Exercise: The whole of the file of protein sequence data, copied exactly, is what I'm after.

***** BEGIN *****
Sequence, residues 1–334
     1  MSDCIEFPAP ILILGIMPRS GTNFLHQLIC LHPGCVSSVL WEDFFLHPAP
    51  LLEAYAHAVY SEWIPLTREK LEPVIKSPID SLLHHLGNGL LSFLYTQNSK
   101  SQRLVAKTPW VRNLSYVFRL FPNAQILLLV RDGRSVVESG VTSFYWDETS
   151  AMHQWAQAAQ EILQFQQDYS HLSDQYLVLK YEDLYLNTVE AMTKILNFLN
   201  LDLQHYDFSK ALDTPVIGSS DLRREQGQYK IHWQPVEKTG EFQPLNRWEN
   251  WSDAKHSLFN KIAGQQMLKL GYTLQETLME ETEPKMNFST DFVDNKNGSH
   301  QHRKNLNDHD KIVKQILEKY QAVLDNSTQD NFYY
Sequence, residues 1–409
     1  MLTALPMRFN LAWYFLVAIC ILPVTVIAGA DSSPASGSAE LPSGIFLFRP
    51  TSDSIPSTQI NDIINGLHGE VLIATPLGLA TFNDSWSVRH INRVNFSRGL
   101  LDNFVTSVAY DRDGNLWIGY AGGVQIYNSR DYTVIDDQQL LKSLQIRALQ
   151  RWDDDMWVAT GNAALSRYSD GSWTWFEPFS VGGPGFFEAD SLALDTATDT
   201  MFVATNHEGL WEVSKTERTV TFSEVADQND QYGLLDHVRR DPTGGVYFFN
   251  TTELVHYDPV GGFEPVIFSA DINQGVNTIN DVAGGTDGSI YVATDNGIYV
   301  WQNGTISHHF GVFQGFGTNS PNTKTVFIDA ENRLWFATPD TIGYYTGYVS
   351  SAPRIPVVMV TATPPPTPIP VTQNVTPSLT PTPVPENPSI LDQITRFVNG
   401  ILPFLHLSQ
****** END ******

Sequence, residues 1–334
     1  MSDCIEFPAP ILILGIMPRS GTNFLHQLIC LHPGCVSSVL WEDFFLHPAP
    51  LLEAYAHAVY SEWIPLTREK LEPVIKSPID SLLHHLGNGL LSFLYTQNSK
   101  SQRLVAKTPW VRNLSYVFRL FPNAQILLLV RDGRSVVESG VTSFYWDETS
   151  AMHQWAQAAQ EILQFQQDYS HLSDQYLVLK YEDLYLNTVE AMTKILNFLN
   201  LDLQHYDFSK ALDTPVIGSS DLRREQGQYK IHWQPVEKTG EFQPLNRWEN
   251  WSDAKHSLFN KIAGQQMLKL GYTLQETLME ETEPKMNFST DFVDNKNGSH
   301  QHRKNLNDHD KIVKQILEKY QAVLDNSTQD NFYY
Sequence, residues 1–409
     1  MLTALPMRFN LAWYFLVAIC ILPVTVIAGA DSSPASGSAE LPSGIFLFRP
    51  TSDSIPSTQI NDIINGLHGE VLIATPLGLA TFNDSWSVRH INRVNFSRGL
   101  LDNFVTSVAY DRDGNLWIGY AGGVQIYNSR DYTVIDDQQL LKSLQIRALQ
   151  RWDDDMWVAT GNAALSRYSD GSWTWFEPFS VGGPGFFEAD SLALDTATDT
   201  MFVATNHEGL WEVSKTERTV TFSEVADQND QYGLLDHVRR DPTGGVYFFN
   251  TTELVHYDPV GGFEPVIFSA DINQGVNTIN DVAGGTDGSI YVATDNGIYV
   301  WQNGTISHHF GVFQGFGTNS PNTKTVFIDA ENRLWFATPD TIGYYTGYVS
   351  SAPRIPVVMV TATPPPTPIP VTQNVTPSLT PTPVPENPSI LDQITRFVNG
   401  ILPFLHLSQ